Aged buildings remain at Umiat from early exploration.

Oil explorers have returned to the site where the North Slope’s first oil discovery was made, in 1945.

The deposit at Umiat, a remote location near the Colville River in the far southeast corner of the National Petroleum Reserve-Alaska, was too small to produce commercially, but the oil was of high enough quality that U.S. Navy drillers could tap wells and use the unrefined crude oil in diesel engines in heavy equipment and drill rigs.

An independent oil company has now returned to Umiat with hopes of increasing the known resource and producing it. Australia-based independent 88 Energy has purchased the small field, the company announced Jan. 11.

88 Energy will acquire the property, consisting of two federal leases comprising 17.633 acres, from Malamute Energy, Inc. and Renaissance Umiat LLC. The leases have 10-year terms ending in 2029 but the lease terms also require 88 Energy to drill an exploration well by August 2022.

Umiat has been drilled and explored for over half a century. The 23-million-acre NPR-A was formed in 1923 as Naval Petroleum Reserve No. 4. Although there was no known oil at the time government geologists felt the region had potential and recommended the reserve be formed as a strategic future reserve for Navy fuel supply.

The Navy began exploring the reserve in the mid-1940s, finding the small Umiat deposit as well as a gas field at Barrow, at the northernmost tip of the NPR-A, which now supplies the Inupiat community of Utkiaqvik.

At Umiat the Navy drilled 11 test wells by 1953. Because the deposit was small and remote no further work was done until 2014 when Linc Energy, in a “farmout,” or sublease, from Renaissance Umiat, drilled two wells that flowed at maximum rates of 800 barrels per day and sustained rates of 200 barrels per day.

While these well rates are too small to support development in a remote location – Umiat is about 100 miles west of the Trans Alaska Pipeline System – geologists familiar with the project felt that flow rates could be mechanically boosted with the use of natural gas if a local gas source could be identified.

There is gas in the area including at Kemek, a small gas discovery also made by the Navy in early drilling, but Linc and Renaissance Umiat were unable to raise more exploration funding after the collapse of oil prices in 2015. Linc subsequently filed bankruptcy.

Current recoverable reserves estimated at Umiat are 123.7 million barrels of oil but Linc and Renaissance Umiat believe new exploration can add resources.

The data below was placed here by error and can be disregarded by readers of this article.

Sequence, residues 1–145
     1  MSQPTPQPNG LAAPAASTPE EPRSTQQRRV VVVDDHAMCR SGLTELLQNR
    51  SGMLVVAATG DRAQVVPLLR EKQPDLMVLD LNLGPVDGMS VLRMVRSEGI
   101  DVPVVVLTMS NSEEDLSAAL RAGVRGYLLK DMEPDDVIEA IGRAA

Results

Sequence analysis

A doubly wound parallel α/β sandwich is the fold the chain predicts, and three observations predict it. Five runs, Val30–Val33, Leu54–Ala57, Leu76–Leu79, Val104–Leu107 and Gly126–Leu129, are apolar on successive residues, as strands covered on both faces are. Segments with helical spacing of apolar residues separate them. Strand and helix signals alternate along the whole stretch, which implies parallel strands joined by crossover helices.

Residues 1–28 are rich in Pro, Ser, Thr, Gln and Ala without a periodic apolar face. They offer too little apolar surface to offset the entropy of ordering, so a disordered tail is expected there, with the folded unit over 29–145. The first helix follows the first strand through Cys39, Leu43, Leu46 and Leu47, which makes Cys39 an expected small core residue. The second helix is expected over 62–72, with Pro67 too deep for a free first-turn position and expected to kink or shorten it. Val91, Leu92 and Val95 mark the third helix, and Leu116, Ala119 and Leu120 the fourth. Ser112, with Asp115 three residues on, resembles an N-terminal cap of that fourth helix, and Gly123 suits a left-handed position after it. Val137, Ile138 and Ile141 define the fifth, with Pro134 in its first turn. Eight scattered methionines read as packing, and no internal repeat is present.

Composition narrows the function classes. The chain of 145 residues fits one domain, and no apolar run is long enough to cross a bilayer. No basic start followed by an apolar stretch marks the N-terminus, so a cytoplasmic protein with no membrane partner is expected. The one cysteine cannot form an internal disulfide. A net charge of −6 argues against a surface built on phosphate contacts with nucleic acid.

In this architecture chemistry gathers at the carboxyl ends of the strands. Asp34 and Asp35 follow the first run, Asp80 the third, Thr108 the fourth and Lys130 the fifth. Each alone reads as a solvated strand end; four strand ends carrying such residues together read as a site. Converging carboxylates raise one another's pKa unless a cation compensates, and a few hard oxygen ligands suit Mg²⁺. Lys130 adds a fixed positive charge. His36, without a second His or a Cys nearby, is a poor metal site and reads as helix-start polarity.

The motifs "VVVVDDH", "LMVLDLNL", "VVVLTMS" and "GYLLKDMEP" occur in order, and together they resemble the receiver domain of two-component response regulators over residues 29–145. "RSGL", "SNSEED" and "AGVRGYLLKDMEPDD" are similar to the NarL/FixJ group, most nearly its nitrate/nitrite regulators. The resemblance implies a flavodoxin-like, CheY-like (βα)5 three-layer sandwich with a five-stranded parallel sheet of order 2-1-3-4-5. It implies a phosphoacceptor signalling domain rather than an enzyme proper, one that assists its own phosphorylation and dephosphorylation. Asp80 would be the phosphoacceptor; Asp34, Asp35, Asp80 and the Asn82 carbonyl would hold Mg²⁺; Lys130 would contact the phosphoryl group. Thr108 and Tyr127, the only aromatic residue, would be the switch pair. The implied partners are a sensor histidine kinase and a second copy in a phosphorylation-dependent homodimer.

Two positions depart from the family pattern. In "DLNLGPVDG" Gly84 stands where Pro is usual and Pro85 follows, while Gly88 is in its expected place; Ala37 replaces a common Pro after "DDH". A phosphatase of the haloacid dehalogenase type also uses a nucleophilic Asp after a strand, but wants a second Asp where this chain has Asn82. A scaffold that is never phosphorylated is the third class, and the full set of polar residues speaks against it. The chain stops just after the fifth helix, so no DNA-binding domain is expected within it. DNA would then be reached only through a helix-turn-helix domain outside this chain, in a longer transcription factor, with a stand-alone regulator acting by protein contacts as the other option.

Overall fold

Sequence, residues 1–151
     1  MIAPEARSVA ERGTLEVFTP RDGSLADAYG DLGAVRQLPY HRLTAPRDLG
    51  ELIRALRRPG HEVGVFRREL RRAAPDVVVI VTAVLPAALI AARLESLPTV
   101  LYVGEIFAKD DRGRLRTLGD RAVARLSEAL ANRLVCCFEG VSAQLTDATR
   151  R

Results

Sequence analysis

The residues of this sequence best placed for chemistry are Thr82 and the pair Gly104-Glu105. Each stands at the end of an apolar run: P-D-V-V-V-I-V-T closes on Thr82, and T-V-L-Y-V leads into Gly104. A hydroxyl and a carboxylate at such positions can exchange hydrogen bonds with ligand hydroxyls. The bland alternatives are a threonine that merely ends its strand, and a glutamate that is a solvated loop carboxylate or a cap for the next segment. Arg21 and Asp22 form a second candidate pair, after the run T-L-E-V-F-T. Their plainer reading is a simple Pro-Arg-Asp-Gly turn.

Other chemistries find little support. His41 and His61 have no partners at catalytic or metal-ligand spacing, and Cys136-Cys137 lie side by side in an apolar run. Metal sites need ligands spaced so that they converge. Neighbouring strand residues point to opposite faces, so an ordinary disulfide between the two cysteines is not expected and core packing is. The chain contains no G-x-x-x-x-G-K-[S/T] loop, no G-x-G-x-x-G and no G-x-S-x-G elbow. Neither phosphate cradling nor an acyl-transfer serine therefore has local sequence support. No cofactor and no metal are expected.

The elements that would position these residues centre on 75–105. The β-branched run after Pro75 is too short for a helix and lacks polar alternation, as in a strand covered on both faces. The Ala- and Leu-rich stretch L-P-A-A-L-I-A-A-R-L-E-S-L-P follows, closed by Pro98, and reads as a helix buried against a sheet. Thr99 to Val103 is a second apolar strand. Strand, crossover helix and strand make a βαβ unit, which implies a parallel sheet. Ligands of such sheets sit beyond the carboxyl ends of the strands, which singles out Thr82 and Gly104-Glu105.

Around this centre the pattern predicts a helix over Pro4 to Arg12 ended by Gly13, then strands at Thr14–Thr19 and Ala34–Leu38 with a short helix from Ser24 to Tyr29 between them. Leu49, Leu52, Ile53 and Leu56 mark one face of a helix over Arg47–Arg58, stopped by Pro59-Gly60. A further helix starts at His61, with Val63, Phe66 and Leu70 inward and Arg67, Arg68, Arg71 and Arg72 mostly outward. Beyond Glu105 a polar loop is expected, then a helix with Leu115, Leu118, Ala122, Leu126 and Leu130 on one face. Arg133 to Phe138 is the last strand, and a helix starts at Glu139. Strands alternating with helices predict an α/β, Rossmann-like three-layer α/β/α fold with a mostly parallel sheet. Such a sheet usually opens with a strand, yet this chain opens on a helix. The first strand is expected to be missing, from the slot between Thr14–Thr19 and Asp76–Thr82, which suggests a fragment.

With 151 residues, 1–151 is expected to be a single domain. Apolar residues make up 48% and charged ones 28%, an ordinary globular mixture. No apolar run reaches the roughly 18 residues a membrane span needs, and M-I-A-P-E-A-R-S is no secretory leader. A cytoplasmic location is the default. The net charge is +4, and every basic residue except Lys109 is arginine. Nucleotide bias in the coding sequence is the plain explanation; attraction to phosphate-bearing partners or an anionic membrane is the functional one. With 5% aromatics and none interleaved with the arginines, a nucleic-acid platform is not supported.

What is unique about Umiat is that the reservoir is very shallow, at just a few hundred feet in depth, and that the oil is 45 degree API and of high enough quality that early Navy explorers were use the oi as fuel with no processing.

88 Energy is acquiring Umiat a low cost, including a commitment to spend $1 million in site rehabilitation for the two wells drilled by Linc Energy and granting of a 4 percent overriding royalty interest to be held by remaining owners of Linc Energy and Renaissance Umiat.

While the acquisition cost was modest the commitment to drill the new well in 2022 will require a substantial investment, likely in the tens of millions of dollars. When Linc Energy drilled its wells in 2014 and 2015 the company had to build and move equipment on a temporary 100-mile winter snow road from the Dalton Highway, the all-year road that connects North Slope oilfields with Interior Alaska highways.

However, what eases logistics challenges is that Umiat has a permanent year-around airport, a legacy of the U.S. Navy work, that is now maintained by the state of Alaska.

Umiat fits well in 88 Energy’s strategic plan for northern Alaska. The Australian company has drilled several exploration wells on state lands in the central North Slope further north and is now planning a new well on federal NPR-A leases a few miles north of Umiat.

That well will target prospects in the Nanushuck sandstone, a regional geologic structure where ConocoPhillips and other companies have recently made significant discoveries. If that test, called 88 Energy’s Project Peregrine, is successful the company may be able to link its support infrastructure with Umiat to lower costs.

Oil companies have explored the petroleum reserve for decades but it is only in recent years that commercial scale deposits have been located further north by ConocoPhillips.

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